Oliver Macklin

Year: 1989 - 1993
Position: Guard
Hometown: Bridgeport, CT

Oliver Macklin was a Guard for the UConn Huskies from 1989 – 1993. In September 2004 I had the opportunity to meet Oliver where he reflected on his childhood as an athlete, his basketball memories, and his current career path.

As a child Oliver enjoyed playing football more than basketball, but there wasn’t a football league in Bridgeport, CT. Being the fourth of seven children, his parents weren’t able to regularly drive him to Stratford, CT to be in their Midget Football League so Oliver became interested in basketball. He played in the same neighborhood, and on a team at the local Cardinal Shehan Center alongside former UConn teammate Chris Smith. Oliver also played on a travel basketball team during junior high, and met players that he went on to play against during his college career, and some have played in Europe with former UConn teammate Rod Sellers.

When Oliver reached high school the basketball team’s record from the year before was 1 win and 19 losses. His freshman year he was on the varsity team, but didn’t play a lot, and their record was 3 wins and 19 losses. As a sophomore he was a starter, and the record changed to 15 wins and 8 losses, as a junior 17 wins 8 losses, and progressively better as a senior, and captain of the team, 24 wins and 2 losses, loosing in the semi finals of the State Championship to a team they had beaten by 20 points during the regular season. Oliver remembered his high school days being a lot of fun when all the guys went to the barber shop on Friday afternoons prior to games, “Coach used to say ‘you look good, you feel good, and you play good’”. The barber would stir things up among the guys about who was going to do what on the court. Then the barber would bring up their previous week’s performance for conversation.

Some accomplishments that Oliver is proud of as a youngster were going to Five Star Basketball Camp during high school. It was a camp with about 500 kids where they played basketball, and practiced drills all day, every day, for a week. He was also listed as an Honorable Mention All American in the Street and Smith All American Book, a member of the All Daily News Team, and was an All State Player. Oliver also did well in high school academically—he was a high honor student, senior class president, and a member of the National Honor Society.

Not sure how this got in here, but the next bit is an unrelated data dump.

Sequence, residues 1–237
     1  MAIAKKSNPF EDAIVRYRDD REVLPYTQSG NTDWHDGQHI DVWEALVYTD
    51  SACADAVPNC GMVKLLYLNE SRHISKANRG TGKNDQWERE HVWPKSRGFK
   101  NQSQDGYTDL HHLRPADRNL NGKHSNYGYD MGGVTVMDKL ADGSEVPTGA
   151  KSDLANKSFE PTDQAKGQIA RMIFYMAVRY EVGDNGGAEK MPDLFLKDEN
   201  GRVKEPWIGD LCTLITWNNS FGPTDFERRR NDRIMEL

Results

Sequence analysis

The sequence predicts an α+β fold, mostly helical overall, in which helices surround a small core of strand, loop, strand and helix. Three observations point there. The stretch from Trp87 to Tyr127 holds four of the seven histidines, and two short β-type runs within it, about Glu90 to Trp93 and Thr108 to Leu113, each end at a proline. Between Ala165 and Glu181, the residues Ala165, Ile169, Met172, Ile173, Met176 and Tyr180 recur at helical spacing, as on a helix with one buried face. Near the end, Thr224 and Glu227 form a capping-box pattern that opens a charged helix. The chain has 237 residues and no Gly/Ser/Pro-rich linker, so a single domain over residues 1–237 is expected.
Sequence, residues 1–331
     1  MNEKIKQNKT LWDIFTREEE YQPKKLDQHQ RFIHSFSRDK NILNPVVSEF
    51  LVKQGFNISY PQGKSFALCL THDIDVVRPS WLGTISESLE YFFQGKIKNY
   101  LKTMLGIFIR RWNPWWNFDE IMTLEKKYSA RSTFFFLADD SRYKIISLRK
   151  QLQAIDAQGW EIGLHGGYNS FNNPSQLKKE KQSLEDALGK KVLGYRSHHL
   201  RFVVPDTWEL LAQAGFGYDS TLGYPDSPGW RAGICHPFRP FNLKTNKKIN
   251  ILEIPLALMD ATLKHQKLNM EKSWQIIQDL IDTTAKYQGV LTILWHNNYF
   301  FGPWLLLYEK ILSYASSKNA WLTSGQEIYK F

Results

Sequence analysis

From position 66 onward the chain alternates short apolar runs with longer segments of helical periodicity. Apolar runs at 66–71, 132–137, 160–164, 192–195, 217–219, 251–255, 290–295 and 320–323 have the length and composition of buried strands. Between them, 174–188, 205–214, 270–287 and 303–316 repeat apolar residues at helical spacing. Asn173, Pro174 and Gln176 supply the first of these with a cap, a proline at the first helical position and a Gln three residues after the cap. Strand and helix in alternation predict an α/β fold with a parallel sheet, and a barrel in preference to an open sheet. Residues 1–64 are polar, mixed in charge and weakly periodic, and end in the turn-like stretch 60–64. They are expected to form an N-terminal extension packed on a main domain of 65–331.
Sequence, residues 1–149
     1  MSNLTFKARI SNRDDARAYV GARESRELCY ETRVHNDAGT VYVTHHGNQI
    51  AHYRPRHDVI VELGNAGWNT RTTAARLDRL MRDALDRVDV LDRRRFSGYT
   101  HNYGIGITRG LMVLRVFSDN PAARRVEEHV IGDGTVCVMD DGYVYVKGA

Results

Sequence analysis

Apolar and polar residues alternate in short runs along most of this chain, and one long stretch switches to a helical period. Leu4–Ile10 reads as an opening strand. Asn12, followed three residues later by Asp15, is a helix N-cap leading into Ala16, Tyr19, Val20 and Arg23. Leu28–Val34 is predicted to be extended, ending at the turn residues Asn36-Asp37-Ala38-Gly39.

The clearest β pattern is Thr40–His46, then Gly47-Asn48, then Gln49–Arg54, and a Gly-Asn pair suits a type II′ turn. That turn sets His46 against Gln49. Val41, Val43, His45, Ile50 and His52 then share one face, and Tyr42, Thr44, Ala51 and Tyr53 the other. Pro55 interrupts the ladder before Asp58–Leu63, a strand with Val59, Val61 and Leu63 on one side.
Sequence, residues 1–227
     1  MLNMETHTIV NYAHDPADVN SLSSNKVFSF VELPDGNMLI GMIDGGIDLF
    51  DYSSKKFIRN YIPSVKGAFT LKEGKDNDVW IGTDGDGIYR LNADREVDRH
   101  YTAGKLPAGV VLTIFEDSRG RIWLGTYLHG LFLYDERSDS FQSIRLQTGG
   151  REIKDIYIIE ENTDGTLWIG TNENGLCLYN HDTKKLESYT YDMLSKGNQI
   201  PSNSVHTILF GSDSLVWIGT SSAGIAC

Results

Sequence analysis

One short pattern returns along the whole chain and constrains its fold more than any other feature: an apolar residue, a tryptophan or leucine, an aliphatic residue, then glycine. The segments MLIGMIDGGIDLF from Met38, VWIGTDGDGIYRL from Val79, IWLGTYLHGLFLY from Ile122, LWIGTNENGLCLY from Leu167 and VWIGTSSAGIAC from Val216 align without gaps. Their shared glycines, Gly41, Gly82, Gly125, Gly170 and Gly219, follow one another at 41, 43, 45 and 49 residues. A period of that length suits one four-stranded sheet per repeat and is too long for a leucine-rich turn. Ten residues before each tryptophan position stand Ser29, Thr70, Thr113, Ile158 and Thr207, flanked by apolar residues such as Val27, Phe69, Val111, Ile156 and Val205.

Oliver and his high school coach were new to the college basketball recruiting process, and made some mistakes which became the best decisions in Oliver’s basketball career. Oliver was recruited by several universities, but was not advised when to sign a letter of intent. Soon he began receiving letters from universities letting him know they were no longer interested in offering him a scholarship because other kids had signed letters to attend the university, and they no longer had a scholarship available. UConn was not recruiting Oliver, but someone he knew spoke to Coach Calhoun about Oliver’s situation. Coach Calhoun told Oliver he could work out with the team, become a walk-on, and maybe the following year a scholarship would be offered to him. “I became a walk-on. Coach doesn’t give anybody anything. You work hard for anything you get. After my freshman year coach sat me down, and offered me a scholarship. It was a blessing. I wouldn’t change it for anything in the world.”

When Oliver got to UConn it was a big change from high school because Oliver said in college you are dealing with grown, strong, physical men. The Big East was literally the Big East. Some memorable experiences while at UConn were being co-captain of the team with Scott Burrell their senior year, being a part of the first Big East Championship Team was great, the year of the “dream season” too. “That was a great team. A bunch of hard working, blue collar guys.” That year CT basketball was put on the map, and began going to the NCAA Tournament regularly. The University of CT started getting nationally known players to come to UConn, and when Oliver was a junior, the freshman class consisted of eight players from states across the country.

Oliver is also proud to have been an influence on one of the greatest legends to come to the University of CT, Ray Allen. When Ray came for his recruiting visit, Scott Burrell and Oliver showed him around and recently Ray told Oliver that the comradery with the UConn team and the closeness is what made him come to CT. He liked that the guys spent time with each other on the court, and off the court. Being so far from home he wanted to be with a group of guys who enjoyed being together.

Oliver’s thoughts on Coach Calhoun, “Coach is the greatest. Coach Calhoun gets mad about a bad pass when you’re winning by 30 points because he’s thinking about the games against Syracuse or Georgetown when you’re not going to be up by 30 points.”

After graduating from UConn in four years with a Bachelors Degree in Communications, Oliver attended a few basketball camps and overseas tryouts, but the money wasn’t enough to keep him away from beginning a career in CT’s Judicial System. Oliver started out as a Bell Commissioner (like a mediator) for two years, then was a Probation Officer for seven years, and for the past two years he’s been a Probation Officer Supervisor, and after work he’s an assistant basketball coach at Stratford High School.

Oliver resides in his hometown of Bridgeport with his two-year-old son, Blake, who has a basketball in his hand all day, and shoots about 100 shots a day. Oliver said of his UConn basketball career, “It was a lot of fun. Everyone still keeps in contact. We get together, and watch UConn games, and now our children all play together. It’s a great extended family.”